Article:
Rutgers: Making changes and moving forward

By M. William Howard, Chair of the Board of Governors, and Richard L. McCormick, President
As submitted; published in the Star-Ledger on December 18, 2008
Rutgers University athletics has received enormous media attention over the past several months, some of it deserved and much of it sensationalized. The scrutiny has nonetheless challenged Rutgers' Board of Governors and administration to do more to ensure that the strongest possible controls are in place and to integrate an increasingly successful athletic program fully within the university management structure.
In late July, a presidentially appointed, independent committee was asked to examine the issues that newspaper articles had raised about the Division of Intercollegiate Athletics. The committee issued a blunt report critical of the university structures that govern athletics.
In the weeks following release of the report, the administration and Board of Governors have worked together to adopt the committee's recommendations by making significant changes in policies and procedures affecting athletics and, in some cases, the entire university. In fact, the report itself noted that Rutgers had already begun taking steps to strengthen accountability and transparency. The university also stands ready to assist the state comptroller's audit of its procurement and contracting practices as raised in the context of athletics. As we implement important reforms, Rutgers must continue to move forward on its educational mission, which is so vital to New Jersey and its residents.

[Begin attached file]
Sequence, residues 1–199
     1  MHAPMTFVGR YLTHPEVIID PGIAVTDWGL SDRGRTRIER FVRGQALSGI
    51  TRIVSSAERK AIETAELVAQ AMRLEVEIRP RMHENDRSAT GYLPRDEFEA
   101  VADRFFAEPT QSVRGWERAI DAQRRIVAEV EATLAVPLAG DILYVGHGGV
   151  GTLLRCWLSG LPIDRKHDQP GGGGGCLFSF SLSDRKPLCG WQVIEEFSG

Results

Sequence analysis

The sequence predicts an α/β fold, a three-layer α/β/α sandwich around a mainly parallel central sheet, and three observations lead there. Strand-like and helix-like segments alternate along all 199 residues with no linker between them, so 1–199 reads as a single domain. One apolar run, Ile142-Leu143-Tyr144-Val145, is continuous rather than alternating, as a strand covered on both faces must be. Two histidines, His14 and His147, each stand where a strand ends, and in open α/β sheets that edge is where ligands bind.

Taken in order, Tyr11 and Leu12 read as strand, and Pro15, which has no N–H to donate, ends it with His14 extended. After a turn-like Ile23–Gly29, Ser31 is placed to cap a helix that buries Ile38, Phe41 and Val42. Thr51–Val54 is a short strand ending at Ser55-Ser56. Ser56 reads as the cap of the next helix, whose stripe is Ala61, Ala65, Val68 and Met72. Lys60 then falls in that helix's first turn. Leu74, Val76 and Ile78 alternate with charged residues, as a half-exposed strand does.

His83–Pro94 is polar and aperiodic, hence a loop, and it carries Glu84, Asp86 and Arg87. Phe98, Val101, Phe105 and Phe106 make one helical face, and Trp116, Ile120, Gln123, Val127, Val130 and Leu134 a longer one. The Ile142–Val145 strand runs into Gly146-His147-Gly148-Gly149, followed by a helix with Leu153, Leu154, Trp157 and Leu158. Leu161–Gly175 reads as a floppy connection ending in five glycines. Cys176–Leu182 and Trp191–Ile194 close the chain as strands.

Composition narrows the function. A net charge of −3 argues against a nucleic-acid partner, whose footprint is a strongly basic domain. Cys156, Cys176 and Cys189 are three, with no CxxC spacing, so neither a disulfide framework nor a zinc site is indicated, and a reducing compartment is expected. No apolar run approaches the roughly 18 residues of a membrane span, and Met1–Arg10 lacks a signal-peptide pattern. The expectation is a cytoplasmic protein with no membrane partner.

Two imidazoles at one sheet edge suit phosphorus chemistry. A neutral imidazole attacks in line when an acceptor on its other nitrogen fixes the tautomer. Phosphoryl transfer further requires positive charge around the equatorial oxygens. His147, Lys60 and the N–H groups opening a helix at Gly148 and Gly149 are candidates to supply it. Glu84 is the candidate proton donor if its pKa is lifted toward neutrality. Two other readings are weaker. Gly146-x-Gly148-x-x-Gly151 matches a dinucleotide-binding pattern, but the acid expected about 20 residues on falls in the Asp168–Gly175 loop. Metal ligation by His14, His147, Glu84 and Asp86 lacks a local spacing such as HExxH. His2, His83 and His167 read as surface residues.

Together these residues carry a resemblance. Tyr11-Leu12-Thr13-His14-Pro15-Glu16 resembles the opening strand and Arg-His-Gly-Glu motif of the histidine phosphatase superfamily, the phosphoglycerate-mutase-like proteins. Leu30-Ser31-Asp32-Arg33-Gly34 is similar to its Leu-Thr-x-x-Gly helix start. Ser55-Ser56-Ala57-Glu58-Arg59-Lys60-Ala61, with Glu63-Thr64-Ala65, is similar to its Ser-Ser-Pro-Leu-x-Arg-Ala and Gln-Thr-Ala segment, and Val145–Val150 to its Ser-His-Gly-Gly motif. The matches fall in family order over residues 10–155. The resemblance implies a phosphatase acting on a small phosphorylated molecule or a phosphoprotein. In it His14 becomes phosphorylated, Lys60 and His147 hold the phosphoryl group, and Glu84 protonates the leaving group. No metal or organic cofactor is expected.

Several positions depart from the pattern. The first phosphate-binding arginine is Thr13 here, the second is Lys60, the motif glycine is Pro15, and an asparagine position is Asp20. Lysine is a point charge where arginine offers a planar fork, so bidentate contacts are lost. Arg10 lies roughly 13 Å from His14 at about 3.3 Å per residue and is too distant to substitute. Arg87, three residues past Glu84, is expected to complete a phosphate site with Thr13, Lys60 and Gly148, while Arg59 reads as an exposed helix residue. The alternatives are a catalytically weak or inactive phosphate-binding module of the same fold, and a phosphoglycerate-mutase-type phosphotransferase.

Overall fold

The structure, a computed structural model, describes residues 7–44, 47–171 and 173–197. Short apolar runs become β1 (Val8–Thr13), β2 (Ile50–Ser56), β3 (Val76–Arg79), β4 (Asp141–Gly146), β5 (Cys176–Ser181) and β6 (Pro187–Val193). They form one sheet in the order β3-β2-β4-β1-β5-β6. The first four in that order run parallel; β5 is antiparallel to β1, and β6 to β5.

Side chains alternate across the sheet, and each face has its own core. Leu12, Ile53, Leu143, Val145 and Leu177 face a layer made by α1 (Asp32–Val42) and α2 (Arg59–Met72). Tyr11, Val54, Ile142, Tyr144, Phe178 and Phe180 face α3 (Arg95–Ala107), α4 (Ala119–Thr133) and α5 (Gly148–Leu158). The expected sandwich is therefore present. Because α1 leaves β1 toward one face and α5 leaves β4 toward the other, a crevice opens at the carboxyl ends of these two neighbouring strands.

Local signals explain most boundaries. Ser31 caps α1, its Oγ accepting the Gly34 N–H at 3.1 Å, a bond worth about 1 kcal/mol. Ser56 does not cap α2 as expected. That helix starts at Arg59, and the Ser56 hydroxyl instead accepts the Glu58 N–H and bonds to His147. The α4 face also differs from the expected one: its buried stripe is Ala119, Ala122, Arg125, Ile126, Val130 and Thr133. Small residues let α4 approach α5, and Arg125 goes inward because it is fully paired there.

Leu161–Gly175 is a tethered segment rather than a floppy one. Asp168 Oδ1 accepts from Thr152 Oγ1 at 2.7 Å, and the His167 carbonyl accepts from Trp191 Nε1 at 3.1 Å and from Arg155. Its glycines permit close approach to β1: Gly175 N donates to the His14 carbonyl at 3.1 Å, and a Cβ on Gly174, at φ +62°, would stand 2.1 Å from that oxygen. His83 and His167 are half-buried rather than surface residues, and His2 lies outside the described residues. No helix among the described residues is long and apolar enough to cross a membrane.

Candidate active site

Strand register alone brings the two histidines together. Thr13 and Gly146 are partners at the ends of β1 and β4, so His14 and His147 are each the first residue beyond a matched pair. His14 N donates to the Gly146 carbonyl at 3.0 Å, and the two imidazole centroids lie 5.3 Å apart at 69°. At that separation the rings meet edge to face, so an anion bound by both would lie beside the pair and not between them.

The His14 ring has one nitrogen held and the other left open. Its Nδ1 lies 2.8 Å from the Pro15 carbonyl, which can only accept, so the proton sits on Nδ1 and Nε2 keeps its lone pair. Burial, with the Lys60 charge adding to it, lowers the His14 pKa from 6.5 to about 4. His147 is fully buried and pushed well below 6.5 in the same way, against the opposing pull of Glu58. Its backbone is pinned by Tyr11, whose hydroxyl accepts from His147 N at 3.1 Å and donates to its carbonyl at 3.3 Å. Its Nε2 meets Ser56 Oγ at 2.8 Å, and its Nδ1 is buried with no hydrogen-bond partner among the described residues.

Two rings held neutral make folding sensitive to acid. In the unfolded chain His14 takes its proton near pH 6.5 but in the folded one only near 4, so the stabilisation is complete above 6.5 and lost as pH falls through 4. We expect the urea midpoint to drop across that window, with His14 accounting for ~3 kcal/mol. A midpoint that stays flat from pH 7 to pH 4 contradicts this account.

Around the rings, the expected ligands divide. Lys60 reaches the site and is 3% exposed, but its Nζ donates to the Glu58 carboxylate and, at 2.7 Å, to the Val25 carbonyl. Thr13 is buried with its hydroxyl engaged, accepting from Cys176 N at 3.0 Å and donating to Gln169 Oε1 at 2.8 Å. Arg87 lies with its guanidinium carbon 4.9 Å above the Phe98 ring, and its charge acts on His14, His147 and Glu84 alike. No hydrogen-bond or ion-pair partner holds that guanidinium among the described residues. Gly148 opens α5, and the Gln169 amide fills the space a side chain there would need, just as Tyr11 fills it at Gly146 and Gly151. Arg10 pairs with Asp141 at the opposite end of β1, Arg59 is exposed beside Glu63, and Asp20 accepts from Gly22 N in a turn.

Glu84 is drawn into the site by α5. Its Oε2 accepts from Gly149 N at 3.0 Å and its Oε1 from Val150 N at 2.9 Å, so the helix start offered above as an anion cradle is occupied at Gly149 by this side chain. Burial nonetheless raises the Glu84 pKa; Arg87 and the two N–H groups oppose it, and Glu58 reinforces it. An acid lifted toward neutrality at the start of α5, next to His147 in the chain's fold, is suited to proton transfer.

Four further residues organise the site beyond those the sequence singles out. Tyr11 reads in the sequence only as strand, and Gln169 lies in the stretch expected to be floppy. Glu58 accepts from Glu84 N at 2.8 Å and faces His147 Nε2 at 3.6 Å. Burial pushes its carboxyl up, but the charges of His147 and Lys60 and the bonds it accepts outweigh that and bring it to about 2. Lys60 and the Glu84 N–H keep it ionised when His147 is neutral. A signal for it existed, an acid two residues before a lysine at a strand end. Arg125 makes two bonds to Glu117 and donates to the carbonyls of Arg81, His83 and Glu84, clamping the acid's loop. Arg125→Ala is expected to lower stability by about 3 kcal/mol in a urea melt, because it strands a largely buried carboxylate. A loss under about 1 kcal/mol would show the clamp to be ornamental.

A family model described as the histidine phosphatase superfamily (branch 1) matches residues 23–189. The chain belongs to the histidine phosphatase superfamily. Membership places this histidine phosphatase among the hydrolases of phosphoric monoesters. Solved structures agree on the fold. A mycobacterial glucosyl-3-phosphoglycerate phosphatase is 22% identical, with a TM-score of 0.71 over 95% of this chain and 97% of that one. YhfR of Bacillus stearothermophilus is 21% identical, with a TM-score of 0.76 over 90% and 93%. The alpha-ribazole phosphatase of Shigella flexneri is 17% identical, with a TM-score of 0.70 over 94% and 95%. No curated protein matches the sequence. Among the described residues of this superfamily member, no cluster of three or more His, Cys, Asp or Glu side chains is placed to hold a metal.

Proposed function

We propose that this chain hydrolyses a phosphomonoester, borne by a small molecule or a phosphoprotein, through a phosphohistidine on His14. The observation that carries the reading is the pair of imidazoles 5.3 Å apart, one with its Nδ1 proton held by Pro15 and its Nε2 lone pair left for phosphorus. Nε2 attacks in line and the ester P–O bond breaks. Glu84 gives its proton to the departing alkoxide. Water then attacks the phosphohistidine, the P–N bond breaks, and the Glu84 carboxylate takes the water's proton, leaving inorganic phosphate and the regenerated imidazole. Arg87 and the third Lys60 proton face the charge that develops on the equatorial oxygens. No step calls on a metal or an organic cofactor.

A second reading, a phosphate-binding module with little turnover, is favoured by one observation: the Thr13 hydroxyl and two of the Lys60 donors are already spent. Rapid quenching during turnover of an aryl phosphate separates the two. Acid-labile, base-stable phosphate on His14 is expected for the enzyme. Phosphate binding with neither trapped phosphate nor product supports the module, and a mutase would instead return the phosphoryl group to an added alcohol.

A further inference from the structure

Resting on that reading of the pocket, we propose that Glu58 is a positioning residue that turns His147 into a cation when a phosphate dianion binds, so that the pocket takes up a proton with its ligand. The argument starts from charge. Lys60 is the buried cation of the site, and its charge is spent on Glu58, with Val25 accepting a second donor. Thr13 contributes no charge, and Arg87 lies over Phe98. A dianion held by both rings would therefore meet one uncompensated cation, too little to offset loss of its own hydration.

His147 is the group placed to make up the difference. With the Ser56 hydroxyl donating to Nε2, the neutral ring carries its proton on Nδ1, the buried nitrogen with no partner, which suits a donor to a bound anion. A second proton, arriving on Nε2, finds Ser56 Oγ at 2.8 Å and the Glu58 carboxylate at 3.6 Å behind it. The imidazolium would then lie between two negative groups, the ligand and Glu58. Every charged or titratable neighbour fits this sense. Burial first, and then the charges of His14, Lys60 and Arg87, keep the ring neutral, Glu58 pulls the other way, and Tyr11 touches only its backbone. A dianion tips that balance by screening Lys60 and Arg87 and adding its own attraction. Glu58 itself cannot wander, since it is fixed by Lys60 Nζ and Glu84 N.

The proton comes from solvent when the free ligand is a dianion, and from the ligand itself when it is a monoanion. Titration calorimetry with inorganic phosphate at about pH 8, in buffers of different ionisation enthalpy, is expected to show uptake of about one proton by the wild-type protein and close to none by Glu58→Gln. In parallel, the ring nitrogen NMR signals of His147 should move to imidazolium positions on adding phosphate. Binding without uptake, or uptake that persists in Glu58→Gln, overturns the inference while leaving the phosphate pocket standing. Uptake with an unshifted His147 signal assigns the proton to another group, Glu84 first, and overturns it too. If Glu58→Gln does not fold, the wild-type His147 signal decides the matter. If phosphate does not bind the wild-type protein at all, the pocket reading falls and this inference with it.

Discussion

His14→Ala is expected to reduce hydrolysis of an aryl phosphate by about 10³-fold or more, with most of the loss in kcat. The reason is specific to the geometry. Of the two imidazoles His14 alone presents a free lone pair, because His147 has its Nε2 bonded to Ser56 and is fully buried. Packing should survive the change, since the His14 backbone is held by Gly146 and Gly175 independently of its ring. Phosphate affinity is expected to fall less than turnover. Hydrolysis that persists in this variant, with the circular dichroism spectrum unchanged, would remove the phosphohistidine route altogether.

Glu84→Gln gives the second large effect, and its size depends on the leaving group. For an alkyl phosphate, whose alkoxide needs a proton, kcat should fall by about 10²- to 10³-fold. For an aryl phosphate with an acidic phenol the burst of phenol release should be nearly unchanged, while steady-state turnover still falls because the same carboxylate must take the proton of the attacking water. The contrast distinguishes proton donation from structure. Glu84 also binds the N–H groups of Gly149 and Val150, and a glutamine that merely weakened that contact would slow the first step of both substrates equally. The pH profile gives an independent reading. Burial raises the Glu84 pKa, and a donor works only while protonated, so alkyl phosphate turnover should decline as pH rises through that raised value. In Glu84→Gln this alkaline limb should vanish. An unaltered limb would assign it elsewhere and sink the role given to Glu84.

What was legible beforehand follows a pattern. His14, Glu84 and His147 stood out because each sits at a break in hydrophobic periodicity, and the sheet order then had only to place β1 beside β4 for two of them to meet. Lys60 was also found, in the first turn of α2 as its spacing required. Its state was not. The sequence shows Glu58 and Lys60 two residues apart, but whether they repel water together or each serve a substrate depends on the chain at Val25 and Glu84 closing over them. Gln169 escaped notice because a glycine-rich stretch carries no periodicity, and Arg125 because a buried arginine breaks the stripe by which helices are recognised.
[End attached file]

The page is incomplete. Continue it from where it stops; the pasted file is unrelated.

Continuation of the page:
Many recent headlines and newspaper reports have lacked balance and objectivity and have blown issues far out of proportion. One example of the distortions from the Star-Ledger's coverage is its assertion that Rutgers has been unresponsive and deliberately withheld information in response to requests under the Open Public Records Act. To the contrary, Rutgers staff members have spent thousands of hours responding in good faith to an avalanche of requests, providing more than 10,000 pages of information. Only those records not subject to release under the law and those that Rutgers is forbidden to release based on a court order have been withheld from the newspaper.
All too often, the tendency of our state's media and political culture is to seek to tear down institutions rather than to build them up through objective and constructive criticism. In the process of doing so, we lose sight of treasures we have in our own backyard, including Rutgers, one of the nation's leading research universities.

There are so many good stories to tell, such as Rutgers' designation by the federal government to lead a nationwide effort to develop interventions for America's crumbling transportation infrastructure. Or the major new initiative on nutrition and childhood obesity, one of society's most vexing problems, inaugurated with a $10 million grant that this newspaper has yet to report anywhere on its pages.
The Rutgers leadership has made a series of difficult decisions in order to pursue excellence in every part of the university's multifaceted mission. Few people will agree with every decision, and we encourage vigorous debate as part of our decision-making process. But there comes a time when communities have to join together to pursue aims that are larger than any one of us.
Great public universities are among our nation's most important strategic assets. They provide access to educational opportunity for citizens from all walks of life. They are sources of good jobs and serve as tremendous economic engines for their communities. They produce research that helps solve some of our society's most pressing problems. In times of economic hardship, their role is more important than ever as a key to recovery and growth. And, without doubt, their athletic programs can engender state pride and open a window on academic strengths, as we have seen at Rutgers.
We pledge that we will pursue Rutgers' missions of teaching, research, and service with vigor and with the support of all of the state's residents. We hope New Jersey residents will stand up and take pride in institutions that enrich our lives immeasurably, and find ways to support these institutions for the betterment of us all.